The U.B.C. Model for Nursing: Direction for Nursing Practice

Mary J. Cruise, T. Rose Murakami


A model for nursing, a conceptual framework, is a mental image which provides a means for viewing the phenomena about which nursing is concerned: man and the ways in which nursing cares for man. The purpose of this paper is to identify and explain the direction the model gives for nursing practice, specifically, the provision of direct nursing care to patients.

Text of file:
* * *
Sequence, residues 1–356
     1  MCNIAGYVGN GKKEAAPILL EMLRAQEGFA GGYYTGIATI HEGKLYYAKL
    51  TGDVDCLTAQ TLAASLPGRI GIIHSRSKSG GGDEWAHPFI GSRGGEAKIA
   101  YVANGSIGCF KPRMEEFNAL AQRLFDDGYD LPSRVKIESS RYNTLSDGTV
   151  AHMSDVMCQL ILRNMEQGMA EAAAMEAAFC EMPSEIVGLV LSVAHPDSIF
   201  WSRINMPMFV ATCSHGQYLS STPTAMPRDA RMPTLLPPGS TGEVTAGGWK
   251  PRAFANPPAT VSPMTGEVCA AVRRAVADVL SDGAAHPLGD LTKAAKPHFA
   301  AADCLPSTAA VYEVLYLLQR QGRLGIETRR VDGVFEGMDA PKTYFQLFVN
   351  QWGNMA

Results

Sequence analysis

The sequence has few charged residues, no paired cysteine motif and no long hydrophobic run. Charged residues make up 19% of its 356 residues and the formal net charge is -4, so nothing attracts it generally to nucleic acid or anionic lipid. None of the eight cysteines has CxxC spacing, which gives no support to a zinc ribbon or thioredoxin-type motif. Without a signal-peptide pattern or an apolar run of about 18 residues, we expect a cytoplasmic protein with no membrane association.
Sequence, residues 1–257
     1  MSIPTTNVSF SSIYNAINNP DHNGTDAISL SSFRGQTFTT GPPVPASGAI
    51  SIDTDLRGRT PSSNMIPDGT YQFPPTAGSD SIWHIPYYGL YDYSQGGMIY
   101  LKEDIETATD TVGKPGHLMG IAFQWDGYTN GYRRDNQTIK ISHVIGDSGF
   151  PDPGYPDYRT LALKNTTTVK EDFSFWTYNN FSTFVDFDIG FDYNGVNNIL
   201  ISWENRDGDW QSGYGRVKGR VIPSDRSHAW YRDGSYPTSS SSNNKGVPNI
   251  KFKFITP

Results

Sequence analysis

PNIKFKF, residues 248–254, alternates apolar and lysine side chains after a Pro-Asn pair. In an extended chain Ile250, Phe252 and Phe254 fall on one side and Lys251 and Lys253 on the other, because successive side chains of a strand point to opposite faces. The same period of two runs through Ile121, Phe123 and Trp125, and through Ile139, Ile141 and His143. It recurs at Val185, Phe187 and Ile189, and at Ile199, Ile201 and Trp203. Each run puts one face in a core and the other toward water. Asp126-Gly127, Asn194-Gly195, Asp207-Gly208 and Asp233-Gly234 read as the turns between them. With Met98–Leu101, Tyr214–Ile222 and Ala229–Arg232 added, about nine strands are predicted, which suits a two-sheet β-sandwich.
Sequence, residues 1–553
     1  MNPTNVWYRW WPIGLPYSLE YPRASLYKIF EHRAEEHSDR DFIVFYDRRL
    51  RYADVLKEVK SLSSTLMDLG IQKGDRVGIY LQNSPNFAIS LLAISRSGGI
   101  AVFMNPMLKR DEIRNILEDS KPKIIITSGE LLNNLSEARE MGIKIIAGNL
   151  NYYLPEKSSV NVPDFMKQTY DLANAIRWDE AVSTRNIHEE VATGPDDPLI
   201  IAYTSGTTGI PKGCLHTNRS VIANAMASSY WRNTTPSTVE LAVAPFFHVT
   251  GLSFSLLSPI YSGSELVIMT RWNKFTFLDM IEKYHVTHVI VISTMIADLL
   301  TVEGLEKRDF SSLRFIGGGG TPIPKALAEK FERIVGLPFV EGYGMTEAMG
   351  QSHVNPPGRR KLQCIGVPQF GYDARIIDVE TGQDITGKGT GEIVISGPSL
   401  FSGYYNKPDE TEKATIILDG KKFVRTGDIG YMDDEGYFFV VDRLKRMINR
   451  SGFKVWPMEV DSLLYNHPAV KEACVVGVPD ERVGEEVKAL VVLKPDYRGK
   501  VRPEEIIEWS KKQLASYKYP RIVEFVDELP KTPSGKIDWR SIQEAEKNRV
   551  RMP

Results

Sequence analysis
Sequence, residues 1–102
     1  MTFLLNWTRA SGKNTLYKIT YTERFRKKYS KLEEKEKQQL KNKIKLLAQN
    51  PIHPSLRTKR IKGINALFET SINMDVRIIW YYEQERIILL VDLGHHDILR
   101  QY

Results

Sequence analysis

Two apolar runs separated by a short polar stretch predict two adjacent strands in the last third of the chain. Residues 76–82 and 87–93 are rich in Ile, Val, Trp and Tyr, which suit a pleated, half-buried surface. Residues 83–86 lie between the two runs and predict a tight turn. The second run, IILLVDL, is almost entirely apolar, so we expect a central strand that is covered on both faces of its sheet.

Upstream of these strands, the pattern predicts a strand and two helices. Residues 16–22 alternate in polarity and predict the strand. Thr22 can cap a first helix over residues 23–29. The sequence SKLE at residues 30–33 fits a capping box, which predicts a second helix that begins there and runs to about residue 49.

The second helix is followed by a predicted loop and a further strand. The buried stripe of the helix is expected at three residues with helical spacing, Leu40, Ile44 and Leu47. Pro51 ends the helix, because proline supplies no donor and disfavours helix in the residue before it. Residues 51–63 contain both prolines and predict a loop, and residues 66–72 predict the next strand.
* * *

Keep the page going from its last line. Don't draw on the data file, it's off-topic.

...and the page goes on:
The beliefs about nursing and its practice, assumptions about man, and assumptions about man as a behavioural system form the framework. This framework identifies for whom, when, why, where and how nursing functions in a unique way. The definition of nursing explicitly answers the following questions. Who receives nursing care? Man. When does nursing provide care? During critical periods of man's life cycle. Why is nursing care required? So that man may develop and utilize a range of coping behaviours which permit him to satisfy his basic human needs and thereby move toward optimal health. Implicit in the framework is the indication of where and how nursing functions in a unique way. Nursing provides care in a variety of settings. This implication is derived from the belief that man encounters critical periods and the inference is that critical periods may be encountered in any setting.

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